With their exceptional cosplay and good con manners, the fans of Toronto ComiCon were also the stars.
The highlight of Toronto ComiCon 2014 was unquestionably the fans.
There were certainly some exciting celebrity guests, including cast members from television shows ranging from Breaking Bad to Bitten, and even Sean Astin and Billy Boyd (who play the hobbits Samwise and Pippin respectively) from the Lord of the Rings films. There were comic artists, animation voice actors, and renowned professional cosplayers. Still, there was a sense that 2014 was a somewhat low-key year for guests, with no one creating quite the level of excitement generated by last year’s guests (Sir Patrick Stewart! LeVar Burton!). And as much as the high-profile guests in attendance this year still drew fans, participated in panels, and gave fascinating interviews, it was the fans themselves who made this year’s Toronto ComiCon special.
The excitement and dedication of the fans were reflected in their costumes, which—from a stunning version of the Queen of Hearts as portrayed in Tim Burton’s 2010 film version of the story, to a spot-on Wolverine complete with smoldering (fake) cigar—reflected an incredible attention to detail. There were also some exceptionally creative mashups, including a Deadmau5/Deadpool hybrid.
We were impressed not only by the costumes themselves, but also by the conduct of the fans. During our time at ComiCon, we saw fans asking politely before snapping pictures, and approaching cosplayers respectfully for photos or group poses. This was particularly good to see, as Toronto ComiCon and parent company FanExpo Canada had promoted the event by encouraging participants to “cuddle a cosplayer”—a move that was widely criticized for encouraging an unsafe con environment, especially at a time when cosplayer safety and con harassment policies are garnering more and more attention. Luckily, the fans took it upon themselves to build a positive environment for those in and out of costume.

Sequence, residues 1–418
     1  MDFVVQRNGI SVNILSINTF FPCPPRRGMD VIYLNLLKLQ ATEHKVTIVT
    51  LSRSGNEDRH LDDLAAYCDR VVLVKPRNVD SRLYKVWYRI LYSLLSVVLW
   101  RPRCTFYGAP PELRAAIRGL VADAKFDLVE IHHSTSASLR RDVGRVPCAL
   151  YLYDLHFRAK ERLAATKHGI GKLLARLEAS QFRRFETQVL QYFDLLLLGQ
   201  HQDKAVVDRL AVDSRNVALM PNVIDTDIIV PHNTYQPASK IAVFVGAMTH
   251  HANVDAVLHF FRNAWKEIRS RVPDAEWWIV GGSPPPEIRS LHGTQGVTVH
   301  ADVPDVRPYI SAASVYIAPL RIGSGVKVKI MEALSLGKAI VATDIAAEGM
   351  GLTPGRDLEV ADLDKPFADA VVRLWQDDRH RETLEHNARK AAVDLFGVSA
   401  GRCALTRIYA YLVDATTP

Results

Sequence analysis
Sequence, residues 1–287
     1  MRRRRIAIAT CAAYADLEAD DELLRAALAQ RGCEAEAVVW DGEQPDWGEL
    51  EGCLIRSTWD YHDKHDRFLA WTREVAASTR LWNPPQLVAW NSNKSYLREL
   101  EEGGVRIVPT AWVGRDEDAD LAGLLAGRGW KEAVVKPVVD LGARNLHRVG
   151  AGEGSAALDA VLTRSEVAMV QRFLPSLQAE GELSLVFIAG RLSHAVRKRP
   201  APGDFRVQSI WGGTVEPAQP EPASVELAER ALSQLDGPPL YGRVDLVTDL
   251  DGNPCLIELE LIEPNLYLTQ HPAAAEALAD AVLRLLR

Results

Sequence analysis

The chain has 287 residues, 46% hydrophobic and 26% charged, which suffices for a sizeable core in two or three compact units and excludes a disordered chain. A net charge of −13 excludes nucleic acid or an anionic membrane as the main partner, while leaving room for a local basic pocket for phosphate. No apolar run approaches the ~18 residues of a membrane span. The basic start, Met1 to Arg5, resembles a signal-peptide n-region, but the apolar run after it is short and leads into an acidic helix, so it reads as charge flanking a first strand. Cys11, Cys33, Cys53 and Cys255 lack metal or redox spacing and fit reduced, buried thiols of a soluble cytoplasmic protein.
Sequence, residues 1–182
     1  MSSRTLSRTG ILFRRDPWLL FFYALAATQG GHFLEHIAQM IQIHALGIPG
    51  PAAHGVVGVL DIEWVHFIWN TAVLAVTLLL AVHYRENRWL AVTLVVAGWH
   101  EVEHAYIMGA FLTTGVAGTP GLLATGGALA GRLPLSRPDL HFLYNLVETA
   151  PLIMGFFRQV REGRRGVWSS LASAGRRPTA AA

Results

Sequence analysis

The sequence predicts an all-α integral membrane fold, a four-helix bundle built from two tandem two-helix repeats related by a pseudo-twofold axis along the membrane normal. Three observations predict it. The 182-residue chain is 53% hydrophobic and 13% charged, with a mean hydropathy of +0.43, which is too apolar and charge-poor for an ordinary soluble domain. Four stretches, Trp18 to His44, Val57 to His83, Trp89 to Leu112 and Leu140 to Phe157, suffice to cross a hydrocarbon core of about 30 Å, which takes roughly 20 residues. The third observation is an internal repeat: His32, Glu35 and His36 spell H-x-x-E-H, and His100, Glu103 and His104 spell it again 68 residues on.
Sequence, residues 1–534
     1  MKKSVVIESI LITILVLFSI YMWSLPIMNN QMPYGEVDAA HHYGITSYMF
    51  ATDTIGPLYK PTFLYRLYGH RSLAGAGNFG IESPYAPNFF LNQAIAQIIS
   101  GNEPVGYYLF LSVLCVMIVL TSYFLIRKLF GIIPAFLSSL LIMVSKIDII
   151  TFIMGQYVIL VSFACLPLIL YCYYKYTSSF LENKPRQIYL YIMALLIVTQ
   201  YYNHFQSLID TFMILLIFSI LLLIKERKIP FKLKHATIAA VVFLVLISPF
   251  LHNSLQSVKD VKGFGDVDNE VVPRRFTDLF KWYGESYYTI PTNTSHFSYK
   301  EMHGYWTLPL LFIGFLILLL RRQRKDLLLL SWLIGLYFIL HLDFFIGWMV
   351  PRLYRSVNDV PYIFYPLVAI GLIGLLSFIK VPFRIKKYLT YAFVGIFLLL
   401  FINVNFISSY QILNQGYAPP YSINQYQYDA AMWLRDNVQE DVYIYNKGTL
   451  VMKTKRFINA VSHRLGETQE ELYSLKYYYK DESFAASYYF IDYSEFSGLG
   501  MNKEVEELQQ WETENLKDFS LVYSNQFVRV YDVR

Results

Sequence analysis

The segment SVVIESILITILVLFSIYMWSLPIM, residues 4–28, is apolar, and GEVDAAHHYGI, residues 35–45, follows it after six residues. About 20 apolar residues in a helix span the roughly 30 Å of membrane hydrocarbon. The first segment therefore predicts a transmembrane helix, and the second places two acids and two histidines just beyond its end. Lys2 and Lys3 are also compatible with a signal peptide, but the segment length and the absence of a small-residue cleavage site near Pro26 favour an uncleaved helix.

Fans were also responsible for some great acts of charity. For example, the Ontario Ghostbusters were out in force to honour one of the film’s stars and writers, Harold Ramis, raffling off proton packs to raise both money and awareness for the Vasculitis Foundation of Canada. While the official programming was solid, and provided opportunities to learn about everything from moulding your own Star Wars stormtrooper mask to the delicate art of tea duelling, the attendees of Toronto ComiCon ended up being the highlight of the weekend.